Join Dan Paracka and Dede Yow for a discussion of Khaled Hosseini’s novel The Kiterunner on Sept. 20, 3-5pm. The novel tells the story of a “privileged young narrator, who comes of age during the last peaceful days of the monarchy [in Afghanistan 1970’s], just before his country’s revolution and invasion by Russian forces.” Isabel Allende writes that “all the great themes of literature and of life are the fabric of this extraordinary novel: love, honor, guilt, fear, redemption.” As Dan Paracka observes, “Paternalism strips away power as one party supposes to know what is best for another.” Join us for an energizing and intellectually engaging conversation.
"Edith Bruck's extraordinarily incisive memoir of her life in wartime Auschwitz is one of the most impressive works of its kind that I've seen in the last five or six years. Readers will be powerfully moved and instructed by this brilliant and urgently necessary book.” Sandra M. Gilbert, author and scholar of Women’s Studies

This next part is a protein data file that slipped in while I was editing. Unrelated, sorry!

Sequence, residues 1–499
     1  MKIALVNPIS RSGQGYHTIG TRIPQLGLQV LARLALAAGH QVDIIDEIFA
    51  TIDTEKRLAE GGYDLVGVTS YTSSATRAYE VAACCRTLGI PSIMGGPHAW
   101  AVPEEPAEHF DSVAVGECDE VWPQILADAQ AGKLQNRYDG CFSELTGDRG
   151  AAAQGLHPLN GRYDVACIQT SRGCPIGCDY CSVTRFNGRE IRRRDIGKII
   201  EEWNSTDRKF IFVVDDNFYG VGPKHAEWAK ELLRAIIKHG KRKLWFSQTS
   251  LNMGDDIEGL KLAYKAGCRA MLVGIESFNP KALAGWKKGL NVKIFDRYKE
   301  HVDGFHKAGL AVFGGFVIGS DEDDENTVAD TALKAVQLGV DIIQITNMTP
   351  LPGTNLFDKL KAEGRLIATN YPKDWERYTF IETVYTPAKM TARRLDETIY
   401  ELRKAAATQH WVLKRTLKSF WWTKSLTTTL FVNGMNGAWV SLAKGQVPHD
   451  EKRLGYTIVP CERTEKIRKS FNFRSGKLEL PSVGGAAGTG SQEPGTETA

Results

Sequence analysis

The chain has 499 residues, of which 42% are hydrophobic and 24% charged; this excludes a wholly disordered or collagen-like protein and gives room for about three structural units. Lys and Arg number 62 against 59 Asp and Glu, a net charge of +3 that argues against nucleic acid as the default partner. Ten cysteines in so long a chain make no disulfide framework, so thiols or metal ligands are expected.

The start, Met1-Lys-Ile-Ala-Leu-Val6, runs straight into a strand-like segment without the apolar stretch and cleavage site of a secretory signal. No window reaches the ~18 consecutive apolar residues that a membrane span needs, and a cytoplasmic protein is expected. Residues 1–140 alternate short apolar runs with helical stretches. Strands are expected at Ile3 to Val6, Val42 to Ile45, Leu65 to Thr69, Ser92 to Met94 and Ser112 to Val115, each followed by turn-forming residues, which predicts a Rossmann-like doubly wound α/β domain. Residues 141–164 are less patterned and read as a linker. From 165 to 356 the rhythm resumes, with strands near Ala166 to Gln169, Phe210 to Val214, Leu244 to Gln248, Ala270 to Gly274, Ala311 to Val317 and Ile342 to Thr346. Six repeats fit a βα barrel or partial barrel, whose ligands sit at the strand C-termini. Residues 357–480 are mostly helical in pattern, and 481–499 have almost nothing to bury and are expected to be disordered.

Edith Bruck, born 1932 in Hungary, has devoted her life to sharing the powerful history of her experiences in the Nazi concentration camps. Since settling in Rome in the 1950s, she has been the most active writer of Holocaust narratives in Italian. This translation centers around an imaginary dialogue with Bruck’s mother, who died in died in Auschwitz. In a memoir linking pain and love, Bruck recovers her mother’s story as part of a larger history.